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Meet Dominic Mazzoni, Eng Foundation Software Engineer

Meet Dominic Mazzoni, Eng Foundation Software Engineer

Cathy Reisenwitz
Content, Clockwise
November 9, 2021
Updated on:

Meet Dominic Mazzoni, Eng Foundation Software Engineer
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Clockwise just hired Software Engineer Dominic Mazzoni to join our Eng Foundation team and we’re super excited. Dominic brings experience building transformative products to the role, along with a passion for accessibility. I sat down with Dominic to talk about where his career took him before coming to Clockwise, what drew him to Clockwise, and what he likes doing when he’s off the clock. 

The journey to Clockwise

While pursuing a PhD at Carnegie Mellon, Dominic Co-founded Audacity. This is where Dominic first encountered accessibility in a big way through an email from a user who was totally blind. The product was usable, but there were a few things it couldn’t do. “I’d never interacted with a totally blind user,” Dominic said. “I felt motivated to fix the issues and make it work better for him. Eventually a whole community of blind audacity users arose and many became contributors to the project.”

Dominic led Audacity for its first 10 years. “It's something I'm still very proud of,” Dominic told me. “It’s been a big, defining part of my career.” 

After getting his MS, Dominic decided to go to work full-time rather than continue his PhD research. “I discovered I liked building software more. I still love research, but I got really passionate about building software.”

His first stop out of school was the Jet Propulsion Lab. There, he worked in applied machine learning for science data analysis. His next role was at Google, where he spent 15 years. He spent his first few years working on Adsense. 

But his passion for accessibility turned up a notch when he met his wife Ronit. “I was fascinated in a geeky way with the tech she used,” Dominic said. Blind since birth, Ronit relies on tech like refreshable braille displays. “Over time, I began to appreciate the numerous tech challenges in accessibility, and the fact that there aren’t enough people working on accessibility tech. Too many things in the world are inaccessible. There’s so much engineering work to be done.”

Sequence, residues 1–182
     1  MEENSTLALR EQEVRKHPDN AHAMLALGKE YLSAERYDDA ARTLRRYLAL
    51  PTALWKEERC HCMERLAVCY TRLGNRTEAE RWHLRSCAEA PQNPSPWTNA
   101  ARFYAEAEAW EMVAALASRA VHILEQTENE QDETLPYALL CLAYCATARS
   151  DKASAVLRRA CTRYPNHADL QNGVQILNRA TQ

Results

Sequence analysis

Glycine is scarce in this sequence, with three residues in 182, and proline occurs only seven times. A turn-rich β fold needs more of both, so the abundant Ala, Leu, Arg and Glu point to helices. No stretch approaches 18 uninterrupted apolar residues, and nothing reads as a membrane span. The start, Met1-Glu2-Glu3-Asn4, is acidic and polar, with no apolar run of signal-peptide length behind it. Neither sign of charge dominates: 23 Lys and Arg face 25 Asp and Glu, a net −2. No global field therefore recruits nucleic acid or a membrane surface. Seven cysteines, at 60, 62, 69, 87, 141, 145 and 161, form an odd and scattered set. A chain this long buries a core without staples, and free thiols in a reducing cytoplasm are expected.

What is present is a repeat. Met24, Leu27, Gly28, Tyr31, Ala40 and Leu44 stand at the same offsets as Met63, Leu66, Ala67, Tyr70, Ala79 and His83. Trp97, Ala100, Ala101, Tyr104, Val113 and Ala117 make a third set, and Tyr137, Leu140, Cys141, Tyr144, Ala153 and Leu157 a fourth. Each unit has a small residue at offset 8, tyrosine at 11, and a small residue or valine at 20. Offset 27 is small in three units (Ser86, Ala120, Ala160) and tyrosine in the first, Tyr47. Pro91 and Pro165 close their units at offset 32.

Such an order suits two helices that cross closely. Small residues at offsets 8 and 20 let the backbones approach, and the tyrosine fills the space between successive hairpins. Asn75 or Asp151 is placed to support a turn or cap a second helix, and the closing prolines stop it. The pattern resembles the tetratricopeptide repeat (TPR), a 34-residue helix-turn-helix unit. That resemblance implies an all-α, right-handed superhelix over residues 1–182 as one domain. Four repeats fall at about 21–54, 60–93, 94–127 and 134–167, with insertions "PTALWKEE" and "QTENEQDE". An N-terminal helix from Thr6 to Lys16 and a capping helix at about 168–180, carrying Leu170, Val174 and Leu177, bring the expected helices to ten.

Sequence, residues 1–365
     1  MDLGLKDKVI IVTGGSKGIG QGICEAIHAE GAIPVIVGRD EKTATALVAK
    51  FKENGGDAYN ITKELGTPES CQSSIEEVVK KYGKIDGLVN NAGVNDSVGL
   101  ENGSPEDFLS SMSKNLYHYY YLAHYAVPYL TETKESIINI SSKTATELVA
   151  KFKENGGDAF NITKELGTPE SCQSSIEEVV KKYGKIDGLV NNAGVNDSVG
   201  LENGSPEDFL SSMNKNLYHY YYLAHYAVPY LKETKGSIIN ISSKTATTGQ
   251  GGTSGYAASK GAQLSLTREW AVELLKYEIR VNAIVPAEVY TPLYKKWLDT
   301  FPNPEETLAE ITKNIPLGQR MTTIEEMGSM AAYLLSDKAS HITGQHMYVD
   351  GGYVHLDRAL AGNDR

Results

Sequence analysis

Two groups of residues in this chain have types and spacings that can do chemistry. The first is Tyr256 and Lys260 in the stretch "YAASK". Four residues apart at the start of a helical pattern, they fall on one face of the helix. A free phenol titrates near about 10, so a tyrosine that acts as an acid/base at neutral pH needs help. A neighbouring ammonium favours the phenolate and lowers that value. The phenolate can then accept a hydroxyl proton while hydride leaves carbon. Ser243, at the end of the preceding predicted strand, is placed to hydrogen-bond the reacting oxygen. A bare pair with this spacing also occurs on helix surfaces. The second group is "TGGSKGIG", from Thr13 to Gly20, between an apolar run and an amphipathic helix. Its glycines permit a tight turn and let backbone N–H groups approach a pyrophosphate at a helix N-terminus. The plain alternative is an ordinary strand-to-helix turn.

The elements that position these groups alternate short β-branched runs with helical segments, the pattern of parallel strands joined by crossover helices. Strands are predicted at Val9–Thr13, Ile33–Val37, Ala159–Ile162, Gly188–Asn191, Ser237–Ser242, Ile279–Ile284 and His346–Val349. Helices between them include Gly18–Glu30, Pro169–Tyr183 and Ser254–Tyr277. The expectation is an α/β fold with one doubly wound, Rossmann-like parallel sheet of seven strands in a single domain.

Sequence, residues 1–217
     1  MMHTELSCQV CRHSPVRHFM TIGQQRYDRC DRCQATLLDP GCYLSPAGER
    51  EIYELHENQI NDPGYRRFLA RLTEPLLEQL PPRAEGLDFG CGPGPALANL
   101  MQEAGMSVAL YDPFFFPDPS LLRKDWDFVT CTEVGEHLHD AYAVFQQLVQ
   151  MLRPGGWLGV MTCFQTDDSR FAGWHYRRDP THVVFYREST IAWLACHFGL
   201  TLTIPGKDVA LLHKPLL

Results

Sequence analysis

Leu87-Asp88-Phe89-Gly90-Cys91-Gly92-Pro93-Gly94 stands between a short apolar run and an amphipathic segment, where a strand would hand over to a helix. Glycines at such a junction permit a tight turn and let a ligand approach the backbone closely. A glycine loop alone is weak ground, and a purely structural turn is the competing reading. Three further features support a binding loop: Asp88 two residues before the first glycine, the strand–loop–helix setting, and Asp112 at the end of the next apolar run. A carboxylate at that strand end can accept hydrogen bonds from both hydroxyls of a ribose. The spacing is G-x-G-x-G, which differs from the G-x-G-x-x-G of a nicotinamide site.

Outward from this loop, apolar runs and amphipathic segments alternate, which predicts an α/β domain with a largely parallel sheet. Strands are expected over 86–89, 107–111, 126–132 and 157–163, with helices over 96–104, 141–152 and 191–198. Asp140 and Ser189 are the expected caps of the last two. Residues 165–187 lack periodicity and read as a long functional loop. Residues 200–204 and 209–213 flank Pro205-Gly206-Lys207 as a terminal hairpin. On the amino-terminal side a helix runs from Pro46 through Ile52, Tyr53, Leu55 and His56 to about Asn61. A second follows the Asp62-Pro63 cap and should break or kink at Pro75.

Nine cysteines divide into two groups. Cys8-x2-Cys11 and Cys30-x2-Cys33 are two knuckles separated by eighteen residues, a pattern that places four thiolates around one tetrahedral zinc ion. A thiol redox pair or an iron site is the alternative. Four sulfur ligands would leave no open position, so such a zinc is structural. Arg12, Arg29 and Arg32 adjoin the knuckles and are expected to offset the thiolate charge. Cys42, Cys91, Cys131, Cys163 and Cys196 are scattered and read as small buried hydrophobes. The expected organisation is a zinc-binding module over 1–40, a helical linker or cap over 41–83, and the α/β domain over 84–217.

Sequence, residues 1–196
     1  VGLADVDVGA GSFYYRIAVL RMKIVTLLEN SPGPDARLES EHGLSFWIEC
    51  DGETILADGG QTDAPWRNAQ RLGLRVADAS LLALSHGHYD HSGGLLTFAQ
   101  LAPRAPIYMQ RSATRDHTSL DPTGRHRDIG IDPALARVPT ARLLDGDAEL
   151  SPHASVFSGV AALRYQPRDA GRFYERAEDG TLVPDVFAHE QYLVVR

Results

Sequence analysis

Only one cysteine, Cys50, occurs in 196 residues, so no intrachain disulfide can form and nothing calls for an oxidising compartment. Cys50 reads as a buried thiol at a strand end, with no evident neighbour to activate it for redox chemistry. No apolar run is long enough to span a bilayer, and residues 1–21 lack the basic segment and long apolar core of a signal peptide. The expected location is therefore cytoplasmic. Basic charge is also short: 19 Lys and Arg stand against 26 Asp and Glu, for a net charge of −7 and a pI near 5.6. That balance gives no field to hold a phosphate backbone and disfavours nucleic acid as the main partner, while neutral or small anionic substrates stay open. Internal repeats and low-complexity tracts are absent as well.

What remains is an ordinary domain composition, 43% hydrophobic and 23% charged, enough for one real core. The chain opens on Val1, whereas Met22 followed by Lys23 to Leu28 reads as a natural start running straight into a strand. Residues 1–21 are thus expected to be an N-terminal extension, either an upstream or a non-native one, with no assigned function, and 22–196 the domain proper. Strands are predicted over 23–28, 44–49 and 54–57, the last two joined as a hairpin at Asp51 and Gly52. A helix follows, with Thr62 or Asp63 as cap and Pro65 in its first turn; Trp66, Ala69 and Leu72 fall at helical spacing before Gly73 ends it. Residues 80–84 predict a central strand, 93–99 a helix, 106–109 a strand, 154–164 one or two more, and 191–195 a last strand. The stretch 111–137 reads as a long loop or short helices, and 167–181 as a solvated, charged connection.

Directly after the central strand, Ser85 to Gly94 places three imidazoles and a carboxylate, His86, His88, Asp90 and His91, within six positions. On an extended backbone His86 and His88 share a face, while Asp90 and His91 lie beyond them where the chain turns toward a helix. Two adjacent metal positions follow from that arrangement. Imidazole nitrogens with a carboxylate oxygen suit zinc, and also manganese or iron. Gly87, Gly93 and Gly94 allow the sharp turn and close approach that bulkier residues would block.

Dominic transferred to Google’s Chrome team in its early days to start working on accessibility. “At first it was a ton of work getting Chrome to work at all for users with disabilities,” Dominic said. His task involved making the core Chrome experience accessible for everyone. Besides making the browser accessible, his work included increasing the number of users able to use Chrome OS, including people with motor impairments and vision impairments, in addition to making it easier for web developers to make web experiences accessible to everyone.

Why Clockwise

Dominic said two things were equally compelling when deciding to join Clockwise: The product and the people. “It’s a really great group of people,” Dominic said. “Inclusivity is a big part of it. They’re not just looking to hire a bunch of faceless people to fill roles. They’re looking to build a team. Since joining, people have been so welcoming. It's a great company culture. Everyone can bring their whole selves to work.”

The product was meaningful to Dominic as well. “At Google, my calendar was a mess. I didn’t feel in control of my calendar. I didn’t know the word ‘Focus Time.’ It wasn’t part of my team’s culture.”

This led to feelings of frustration. “When I discovered Clockwise, it felt like something I needed,” Dominic said. “I’m excited about the opportunity to take control of my own time and help millions of people in a similar situation having the same problem I was feeling myself.”

“As I was interviewing at other companies, I did an exercise where I would brainstorm. If I were working at this company and had free time to work on another project what would I work on? I had tons of ideas when I envisioned working at Clockwise. There are so many opportunities in the calendar space, so many things that could be better. Clockwise in a great position to do better.”

And at Clockwise he gets to continue working on accessibility. “I learned that design and front-end teams at Clockwise already had a good understanding of accessibility and thought it was very important,” Dominic said. He’s already begun getting together with these teams. They’re finding ways to ensure accessibility is prioritized at Clockwise and have identified some early action items. “I was also super happy to see DEI was already a part of Clockwise’s culture. It’s excellent to see that at a company this size it’s already part of the tradition.” 

Life outside clockwise

Outside of work Dominic spends a lot of time with his kids, aged 10, 7, 2. “I love spending time with them seeing the world through their eyes as they experience the wonders of childhood,” Dominic said. 

Dominic's three kids painting their car

“That takes up most of my time. I’m also an amateur musician. I play piano and compose music and jam with other people. It’s my escape and passion when I have the time.” 

A band Dominic used to play in

Interested in working with Dominic on our Engineering team? We’re currently looking for our next Front End Engineer, Back End Engineer, Senior Back End Engineer, Senior Front End Engineer, and Technical Program Manager, Information Security. If that’s not you, check out our other open positions

About the author

Cathy Reisenwitz

Cathy Reisenwitz is the former Head of Content at Clockwise. She has covered business software for six years and has been published in Newsweek, Forbes, the Daily Beast, VICE Motherboard, Reason magazine, Talking Points Memo and other publications.

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